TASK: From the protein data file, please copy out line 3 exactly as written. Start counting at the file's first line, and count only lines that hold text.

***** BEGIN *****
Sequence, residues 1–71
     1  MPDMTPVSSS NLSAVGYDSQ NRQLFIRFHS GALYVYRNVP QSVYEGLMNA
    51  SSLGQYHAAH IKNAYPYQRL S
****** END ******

    51  SSLGQYHAAH IKNAYPYQRL S